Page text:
Nothing kills your business faster than poor cashflow. Poor cashflow could be as a result of a lot reasons, but top of the list is poor sales. A lot of times your sales are poor because:
You don’t communicate your product’s proposition clearly
“We have Jollof rice available for sale. Buy a plate and get it delivered tomorrow. #Abuja #Accra #Lagos #OrderFood #Jollof #WestAfricanCuisine”
“Here’s that Jollof Rice that’s been made with you in mind. You can get your plate of Jollof Rice that’s guaranteed to feed 2 adults from us by ordering via the link in our bio. If you order today, your meal will be delivered to you tomorrow anywhere in Accra, Ghana. #Accra #OrderFood #Jollof #WestAfricanCuisine”
Which of these social media posts answers the questions that most prospective customers would have had? Exactly. You need to be explicit with your product’s proposition. For instance, “guaranteed to feed 2 adults” gives a fair idea what the portion size is. That’s as explicit as you should get.
You’re not selling your business as well as you could/should
When it comes to selling your business especially on social media, the general idea is to post what you have for sale, and trust that your customers buy. The truth is that, it’s difficult to sell in an echo chamber. You need to reach out. A clever system that works for a lot of businesses on Instagram is to follow popular pages, and be one of the earliest people to meaningfully comment on posts. This is especially useful if the name of your business/handle already describes what you sell. If you’re diligent at this, and maintain a policy of posting only quality and useful comments, you’ll increase your business’ visibility. There are other ways you should be looking to push your business. Create posts on forums e.g Nairaland. Post on classifieds e.g Jiji and OLX.
You’re not “Packaging” right
You have to understand your business very well, and also understand your business’ proposition within the sector you play in. How you position and sell a $10 product is not always how you do a $100 product. If you’re playing or trying to play in a high-end market, you have to ensure that you’re equipped for it. From your logo, to your tone, to the channels you choose to market, all have to speak high-end. You can be in the drinks business at $2 a bottle, with a business in the same drinks business at $10 a bottle, and that’s okay. It’s your job to ensure that you’re where the $2 customers are, you speak to them in the language they understand, and your sales and delivery mode is well within their established habits.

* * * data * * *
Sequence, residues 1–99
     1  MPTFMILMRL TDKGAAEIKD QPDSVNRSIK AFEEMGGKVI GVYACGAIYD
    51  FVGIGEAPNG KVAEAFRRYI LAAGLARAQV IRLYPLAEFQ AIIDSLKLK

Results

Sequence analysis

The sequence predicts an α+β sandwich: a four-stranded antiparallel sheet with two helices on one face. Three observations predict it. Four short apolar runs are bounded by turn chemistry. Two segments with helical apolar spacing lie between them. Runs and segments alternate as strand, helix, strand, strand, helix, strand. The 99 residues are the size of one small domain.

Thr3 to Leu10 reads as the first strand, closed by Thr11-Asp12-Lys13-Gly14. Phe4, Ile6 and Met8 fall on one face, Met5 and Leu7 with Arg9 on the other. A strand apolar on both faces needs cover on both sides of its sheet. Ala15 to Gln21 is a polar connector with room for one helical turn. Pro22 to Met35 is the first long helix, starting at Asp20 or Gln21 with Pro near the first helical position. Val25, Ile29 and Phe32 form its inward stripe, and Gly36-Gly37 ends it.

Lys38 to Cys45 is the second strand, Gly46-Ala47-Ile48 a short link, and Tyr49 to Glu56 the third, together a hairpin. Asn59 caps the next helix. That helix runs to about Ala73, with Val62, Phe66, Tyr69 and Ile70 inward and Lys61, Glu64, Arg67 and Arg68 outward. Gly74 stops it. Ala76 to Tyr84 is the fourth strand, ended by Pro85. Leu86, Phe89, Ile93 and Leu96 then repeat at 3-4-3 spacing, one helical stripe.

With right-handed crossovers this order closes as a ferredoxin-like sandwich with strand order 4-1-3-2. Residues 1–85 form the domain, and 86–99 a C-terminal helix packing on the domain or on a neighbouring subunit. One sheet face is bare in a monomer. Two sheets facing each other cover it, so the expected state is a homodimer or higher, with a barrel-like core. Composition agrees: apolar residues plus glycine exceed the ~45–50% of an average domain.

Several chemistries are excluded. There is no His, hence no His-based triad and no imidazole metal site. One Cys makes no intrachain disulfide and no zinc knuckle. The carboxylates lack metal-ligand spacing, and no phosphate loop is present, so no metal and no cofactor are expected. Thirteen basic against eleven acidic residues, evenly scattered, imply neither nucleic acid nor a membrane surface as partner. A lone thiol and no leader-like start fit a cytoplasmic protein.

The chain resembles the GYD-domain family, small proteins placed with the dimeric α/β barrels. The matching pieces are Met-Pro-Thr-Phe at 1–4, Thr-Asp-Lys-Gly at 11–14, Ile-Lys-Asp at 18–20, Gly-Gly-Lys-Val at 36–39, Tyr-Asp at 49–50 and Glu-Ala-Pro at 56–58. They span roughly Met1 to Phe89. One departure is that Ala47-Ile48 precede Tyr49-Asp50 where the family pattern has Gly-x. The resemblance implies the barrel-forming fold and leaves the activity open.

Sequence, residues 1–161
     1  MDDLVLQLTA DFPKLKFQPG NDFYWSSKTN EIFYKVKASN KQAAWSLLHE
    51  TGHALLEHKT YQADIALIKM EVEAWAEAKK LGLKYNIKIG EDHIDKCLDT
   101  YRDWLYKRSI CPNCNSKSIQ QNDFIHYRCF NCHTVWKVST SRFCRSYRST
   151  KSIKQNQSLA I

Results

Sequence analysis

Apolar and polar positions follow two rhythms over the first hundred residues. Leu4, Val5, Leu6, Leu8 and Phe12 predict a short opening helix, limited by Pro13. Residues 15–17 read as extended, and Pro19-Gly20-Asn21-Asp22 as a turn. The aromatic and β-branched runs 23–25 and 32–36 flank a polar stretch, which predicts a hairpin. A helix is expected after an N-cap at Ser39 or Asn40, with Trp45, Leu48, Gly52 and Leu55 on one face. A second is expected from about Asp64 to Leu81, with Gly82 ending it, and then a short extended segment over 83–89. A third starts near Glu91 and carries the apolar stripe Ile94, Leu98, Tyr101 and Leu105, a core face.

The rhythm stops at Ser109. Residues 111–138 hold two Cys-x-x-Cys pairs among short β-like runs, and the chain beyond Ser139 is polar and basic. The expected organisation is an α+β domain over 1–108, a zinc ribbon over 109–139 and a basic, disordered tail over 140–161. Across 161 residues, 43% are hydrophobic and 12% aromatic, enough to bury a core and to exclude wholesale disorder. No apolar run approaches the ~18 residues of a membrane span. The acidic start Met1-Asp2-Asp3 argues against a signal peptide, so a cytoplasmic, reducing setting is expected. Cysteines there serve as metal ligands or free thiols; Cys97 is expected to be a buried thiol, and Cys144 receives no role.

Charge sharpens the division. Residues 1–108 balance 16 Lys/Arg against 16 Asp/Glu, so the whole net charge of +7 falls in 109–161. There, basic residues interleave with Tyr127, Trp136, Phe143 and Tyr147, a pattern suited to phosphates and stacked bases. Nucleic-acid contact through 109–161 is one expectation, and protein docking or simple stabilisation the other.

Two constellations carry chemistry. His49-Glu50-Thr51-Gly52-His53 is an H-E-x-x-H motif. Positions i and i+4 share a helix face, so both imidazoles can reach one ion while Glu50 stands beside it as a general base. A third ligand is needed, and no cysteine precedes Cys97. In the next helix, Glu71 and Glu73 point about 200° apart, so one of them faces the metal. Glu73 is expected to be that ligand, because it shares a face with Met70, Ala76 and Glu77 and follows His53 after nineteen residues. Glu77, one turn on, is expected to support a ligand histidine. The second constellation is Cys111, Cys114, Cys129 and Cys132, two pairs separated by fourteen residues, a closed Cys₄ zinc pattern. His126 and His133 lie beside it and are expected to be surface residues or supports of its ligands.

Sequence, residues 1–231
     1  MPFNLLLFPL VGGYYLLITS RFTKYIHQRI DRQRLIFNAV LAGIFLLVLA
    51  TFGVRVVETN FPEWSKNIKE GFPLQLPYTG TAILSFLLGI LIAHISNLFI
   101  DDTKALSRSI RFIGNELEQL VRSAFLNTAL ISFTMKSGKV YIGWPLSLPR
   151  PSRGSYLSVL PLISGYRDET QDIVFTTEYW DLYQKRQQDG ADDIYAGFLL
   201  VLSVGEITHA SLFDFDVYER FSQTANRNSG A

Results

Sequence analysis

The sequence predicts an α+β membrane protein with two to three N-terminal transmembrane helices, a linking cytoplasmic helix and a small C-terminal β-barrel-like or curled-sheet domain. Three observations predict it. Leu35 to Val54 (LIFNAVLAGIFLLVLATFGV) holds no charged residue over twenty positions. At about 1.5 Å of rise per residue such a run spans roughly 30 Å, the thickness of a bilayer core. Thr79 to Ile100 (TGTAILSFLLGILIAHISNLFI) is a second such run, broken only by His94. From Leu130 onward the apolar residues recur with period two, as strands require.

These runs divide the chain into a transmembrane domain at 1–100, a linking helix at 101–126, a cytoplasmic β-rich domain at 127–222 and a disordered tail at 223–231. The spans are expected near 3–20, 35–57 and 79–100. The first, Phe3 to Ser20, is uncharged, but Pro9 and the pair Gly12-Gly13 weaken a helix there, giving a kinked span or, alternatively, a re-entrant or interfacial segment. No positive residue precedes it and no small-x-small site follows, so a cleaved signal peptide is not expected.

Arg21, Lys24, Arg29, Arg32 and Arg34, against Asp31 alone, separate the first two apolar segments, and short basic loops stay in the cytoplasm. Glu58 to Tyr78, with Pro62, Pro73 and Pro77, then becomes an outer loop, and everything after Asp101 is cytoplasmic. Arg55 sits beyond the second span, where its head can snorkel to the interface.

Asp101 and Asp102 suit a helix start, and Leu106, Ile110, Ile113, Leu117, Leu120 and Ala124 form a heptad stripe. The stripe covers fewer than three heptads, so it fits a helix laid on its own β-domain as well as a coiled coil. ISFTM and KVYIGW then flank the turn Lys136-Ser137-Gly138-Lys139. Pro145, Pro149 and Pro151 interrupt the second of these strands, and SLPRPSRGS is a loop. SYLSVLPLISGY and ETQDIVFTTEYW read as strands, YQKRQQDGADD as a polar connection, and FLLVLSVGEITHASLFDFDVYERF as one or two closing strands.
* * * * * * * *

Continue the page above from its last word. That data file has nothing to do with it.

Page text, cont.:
You’re selling to the wrong market
This is a little like the point above but not exactly the same. Imagine you just developed the only car with a seatbelt function and you have to sell it. In your market, 45% of drivers are between 18 and 23 so you figure you create marketing around how they can stay safe by using your seatbelt car right? No, it doesn’t exactly work like that. Chances are that 80% of those drivers didn’t buy their cars themselves, and considering their age they don’t care about safety that much. The people who bought the cars, and care about safety are likelier their parents and they’re the people you should market to. The person paying is not always the user; the people a product is meant for will also not necessarily be the people you’re already preaching to. Figure out who the decision makers in your business are before you start marketing.
You’ve not considered bundling
It might be easier to get a person to buy a care bundle that includes 3 singlets, 3 briefs, a bottle of beard oil, and a bottle of body lotion than it is to sell a single singlet to the same person. You never know until you try. Try selling bundled products. You might wonder, “well, I don’t sell the other items.” You don’t have to. Reach out to other businesses that do and propose a bundle that you all promote on your pages.
Go out there, and right these wrongs. We’re rooting for you!